Hey there, time traveller!
This article was published 18/7/2013 (1104 days ago), so information in it may no longer be current.
The Gimli hotel at the centre of a dispute with the agency that handles aboriginal flood evacuees evicted MANFF staff from the building Thursday.
Misty Lake Lodge announced Thursday they’d changed the locks on eight rooms and cleared out personal property belonging to flood co-ordinators hired by the Manitoba Association of Native Fire Fighters.
Lodge owner Mike Bruneau said the decision was made after months of complaints to MANFF superiors and Aboriginal Affairs regional staff in Winnipeg about the co-ordinators’ behaviour at the hotel, including allegations of alcohol and drug use. The final straw was a loud party in one of the MANFF rooms Wednesday night, Bruneau said.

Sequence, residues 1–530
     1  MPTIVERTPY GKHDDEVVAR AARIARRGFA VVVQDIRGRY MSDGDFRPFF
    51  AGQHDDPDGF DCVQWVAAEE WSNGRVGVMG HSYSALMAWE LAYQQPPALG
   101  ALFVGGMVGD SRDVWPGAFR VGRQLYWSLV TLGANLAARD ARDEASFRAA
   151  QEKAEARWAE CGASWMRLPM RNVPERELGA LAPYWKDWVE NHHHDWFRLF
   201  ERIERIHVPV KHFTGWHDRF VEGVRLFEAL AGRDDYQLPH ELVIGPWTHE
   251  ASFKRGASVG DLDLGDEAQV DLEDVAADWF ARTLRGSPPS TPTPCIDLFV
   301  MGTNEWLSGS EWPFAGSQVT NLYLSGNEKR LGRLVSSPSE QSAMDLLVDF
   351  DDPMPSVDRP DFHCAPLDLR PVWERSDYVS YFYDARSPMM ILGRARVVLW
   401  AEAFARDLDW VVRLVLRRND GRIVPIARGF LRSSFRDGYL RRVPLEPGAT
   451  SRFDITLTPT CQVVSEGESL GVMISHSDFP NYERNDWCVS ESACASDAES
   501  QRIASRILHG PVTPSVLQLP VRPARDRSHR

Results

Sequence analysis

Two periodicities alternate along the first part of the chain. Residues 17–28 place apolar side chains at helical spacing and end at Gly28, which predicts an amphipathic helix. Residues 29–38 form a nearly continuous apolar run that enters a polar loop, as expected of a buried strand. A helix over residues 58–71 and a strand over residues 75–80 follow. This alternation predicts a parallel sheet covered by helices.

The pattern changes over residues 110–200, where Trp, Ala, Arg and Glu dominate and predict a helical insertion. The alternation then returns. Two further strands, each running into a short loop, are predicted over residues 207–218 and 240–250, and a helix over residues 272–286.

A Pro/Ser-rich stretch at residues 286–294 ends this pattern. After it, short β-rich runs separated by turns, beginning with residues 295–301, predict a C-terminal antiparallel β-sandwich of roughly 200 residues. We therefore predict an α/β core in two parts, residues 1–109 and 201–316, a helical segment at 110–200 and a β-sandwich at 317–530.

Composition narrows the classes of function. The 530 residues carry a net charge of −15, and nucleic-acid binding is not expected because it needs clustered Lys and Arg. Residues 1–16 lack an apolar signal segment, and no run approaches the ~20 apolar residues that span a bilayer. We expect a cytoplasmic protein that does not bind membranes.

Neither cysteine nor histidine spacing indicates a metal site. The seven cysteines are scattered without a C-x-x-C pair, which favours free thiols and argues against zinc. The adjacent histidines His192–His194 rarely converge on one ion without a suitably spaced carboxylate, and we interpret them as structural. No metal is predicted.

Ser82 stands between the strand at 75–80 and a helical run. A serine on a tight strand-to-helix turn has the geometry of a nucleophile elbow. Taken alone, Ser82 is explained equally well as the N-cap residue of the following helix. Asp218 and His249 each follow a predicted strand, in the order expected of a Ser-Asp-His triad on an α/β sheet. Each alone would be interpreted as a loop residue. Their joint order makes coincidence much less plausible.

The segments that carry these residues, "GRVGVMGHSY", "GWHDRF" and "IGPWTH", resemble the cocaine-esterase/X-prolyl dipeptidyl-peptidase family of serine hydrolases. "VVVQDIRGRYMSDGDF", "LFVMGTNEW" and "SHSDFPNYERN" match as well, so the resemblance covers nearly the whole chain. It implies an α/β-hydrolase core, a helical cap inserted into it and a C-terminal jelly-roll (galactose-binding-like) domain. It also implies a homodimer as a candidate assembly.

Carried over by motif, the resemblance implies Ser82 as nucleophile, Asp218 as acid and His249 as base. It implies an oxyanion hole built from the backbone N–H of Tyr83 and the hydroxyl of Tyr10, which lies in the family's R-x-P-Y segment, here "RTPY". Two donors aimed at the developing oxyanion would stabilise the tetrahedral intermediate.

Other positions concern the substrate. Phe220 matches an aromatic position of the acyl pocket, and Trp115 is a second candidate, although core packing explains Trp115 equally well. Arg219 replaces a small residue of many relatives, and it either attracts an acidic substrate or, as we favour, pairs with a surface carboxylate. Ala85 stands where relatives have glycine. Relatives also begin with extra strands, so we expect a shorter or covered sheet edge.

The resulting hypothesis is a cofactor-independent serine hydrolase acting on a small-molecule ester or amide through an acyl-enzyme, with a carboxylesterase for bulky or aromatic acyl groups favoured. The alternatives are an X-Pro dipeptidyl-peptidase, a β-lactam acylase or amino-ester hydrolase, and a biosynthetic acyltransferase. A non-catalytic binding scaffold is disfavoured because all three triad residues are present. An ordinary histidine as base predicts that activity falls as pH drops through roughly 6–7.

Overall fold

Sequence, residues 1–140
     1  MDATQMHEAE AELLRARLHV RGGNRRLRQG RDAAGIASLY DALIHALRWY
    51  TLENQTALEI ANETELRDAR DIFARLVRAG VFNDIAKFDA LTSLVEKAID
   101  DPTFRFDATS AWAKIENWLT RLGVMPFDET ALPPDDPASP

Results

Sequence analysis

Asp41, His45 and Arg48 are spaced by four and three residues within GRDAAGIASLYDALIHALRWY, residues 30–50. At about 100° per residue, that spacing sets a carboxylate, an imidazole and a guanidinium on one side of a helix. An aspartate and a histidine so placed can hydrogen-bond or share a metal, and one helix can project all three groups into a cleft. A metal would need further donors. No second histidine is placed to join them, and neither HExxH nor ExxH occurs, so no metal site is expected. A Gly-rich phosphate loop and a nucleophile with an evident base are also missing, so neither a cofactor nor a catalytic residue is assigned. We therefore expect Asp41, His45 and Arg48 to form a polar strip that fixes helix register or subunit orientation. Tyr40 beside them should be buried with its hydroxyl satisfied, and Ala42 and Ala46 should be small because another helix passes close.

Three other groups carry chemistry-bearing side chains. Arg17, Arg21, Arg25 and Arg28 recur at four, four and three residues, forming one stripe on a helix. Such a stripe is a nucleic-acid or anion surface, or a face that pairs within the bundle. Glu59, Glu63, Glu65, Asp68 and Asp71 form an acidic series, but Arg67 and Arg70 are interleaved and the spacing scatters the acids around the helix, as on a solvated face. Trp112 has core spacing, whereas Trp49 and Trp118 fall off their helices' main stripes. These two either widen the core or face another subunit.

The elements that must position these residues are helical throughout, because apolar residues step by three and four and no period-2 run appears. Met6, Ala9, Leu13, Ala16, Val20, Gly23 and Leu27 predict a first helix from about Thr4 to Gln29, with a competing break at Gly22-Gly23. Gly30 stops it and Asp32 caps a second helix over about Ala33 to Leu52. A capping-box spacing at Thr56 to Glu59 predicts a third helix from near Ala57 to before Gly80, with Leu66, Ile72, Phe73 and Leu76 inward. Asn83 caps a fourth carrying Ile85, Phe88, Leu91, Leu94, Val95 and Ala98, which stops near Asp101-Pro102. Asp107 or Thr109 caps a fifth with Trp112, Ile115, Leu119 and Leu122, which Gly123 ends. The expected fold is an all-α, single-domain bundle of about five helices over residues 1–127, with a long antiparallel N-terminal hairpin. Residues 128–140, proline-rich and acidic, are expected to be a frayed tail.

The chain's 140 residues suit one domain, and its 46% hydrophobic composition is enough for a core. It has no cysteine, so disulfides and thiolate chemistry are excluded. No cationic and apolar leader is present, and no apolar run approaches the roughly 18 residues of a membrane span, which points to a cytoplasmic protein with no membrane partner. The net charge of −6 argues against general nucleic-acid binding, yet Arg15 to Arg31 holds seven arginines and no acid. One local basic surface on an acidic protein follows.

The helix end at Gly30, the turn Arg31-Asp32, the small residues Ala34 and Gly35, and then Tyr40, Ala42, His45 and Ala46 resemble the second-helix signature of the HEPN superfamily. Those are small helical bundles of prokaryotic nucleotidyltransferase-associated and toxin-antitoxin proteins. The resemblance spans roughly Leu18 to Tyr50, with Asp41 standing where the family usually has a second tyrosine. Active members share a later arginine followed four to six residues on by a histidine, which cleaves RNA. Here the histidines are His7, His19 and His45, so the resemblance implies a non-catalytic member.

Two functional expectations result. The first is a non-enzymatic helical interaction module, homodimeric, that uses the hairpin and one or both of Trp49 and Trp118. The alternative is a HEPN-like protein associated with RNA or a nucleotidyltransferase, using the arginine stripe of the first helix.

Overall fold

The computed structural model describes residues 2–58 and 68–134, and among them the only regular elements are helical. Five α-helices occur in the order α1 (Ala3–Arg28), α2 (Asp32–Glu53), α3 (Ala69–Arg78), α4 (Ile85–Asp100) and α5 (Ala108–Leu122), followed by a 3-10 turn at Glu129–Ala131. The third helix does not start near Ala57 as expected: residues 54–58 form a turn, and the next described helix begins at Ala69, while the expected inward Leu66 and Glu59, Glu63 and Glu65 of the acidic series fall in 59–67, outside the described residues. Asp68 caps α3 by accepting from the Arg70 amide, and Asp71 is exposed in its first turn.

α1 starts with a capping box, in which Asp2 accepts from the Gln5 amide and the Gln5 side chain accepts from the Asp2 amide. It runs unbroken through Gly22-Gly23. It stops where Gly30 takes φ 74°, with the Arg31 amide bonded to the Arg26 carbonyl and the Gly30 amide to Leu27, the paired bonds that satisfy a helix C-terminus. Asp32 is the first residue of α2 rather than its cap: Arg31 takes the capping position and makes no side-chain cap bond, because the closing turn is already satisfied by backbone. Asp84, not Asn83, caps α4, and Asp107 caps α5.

"Last night (lodge general manager Retha Dykes) had a roomful of people that she threw out, and she phoned me and I said, ‘That’s it,’" said Bruneau.
"All the locks are changed," he said, adding MANFF staff belongings were boxed up and put into storage.
Misty Lake informed MANFF executive director by email of the decision Thursday afternoon.
MANFF executive director Daren Mini did not respond to a request for comment Thursday afternoon.
Bruneau announced earlier this week that he will close Misty Lake Lodge Sept. 1 because he’s been unable to collect more than $3 million owed for housing the evacuees from the federal government through its agent, the Manitoba Association of Native Fire Fighters. Aboriginal Affairs has vowed to intervene to ensure the hotel receives the money, but Bruneau is skeptical.
As of Wednesday, Misty Lake Lodge hosted a few dozen flood evacuees. At one time, as many as 180 lived at the hotel. The evacuees fled flooding on several Manitoba First Nations in the spring of 2011. The federal and provincial governments, along with the First Nations, are still working on a permanent resettlement plan for evacuees.